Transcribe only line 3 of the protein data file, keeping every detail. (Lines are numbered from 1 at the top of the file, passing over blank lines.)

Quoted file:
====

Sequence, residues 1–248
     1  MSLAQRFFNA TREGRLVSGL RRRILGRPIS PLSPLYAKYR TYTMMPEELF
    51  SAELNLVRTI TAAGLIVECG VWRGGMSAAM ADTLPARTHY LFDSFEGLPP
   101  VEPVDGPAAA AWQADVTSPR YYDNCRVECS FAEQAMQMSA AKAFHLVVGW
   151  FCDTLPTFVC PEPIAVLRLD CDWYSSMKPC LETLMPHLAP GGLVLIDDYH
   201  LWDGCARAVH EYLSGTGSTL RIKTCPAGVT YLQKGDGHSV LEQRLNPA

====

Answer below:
    51  SAELNLVRTI TAAGLIVECG VWRGGMSAAM ADTLPARTHY LFDSFEGLPP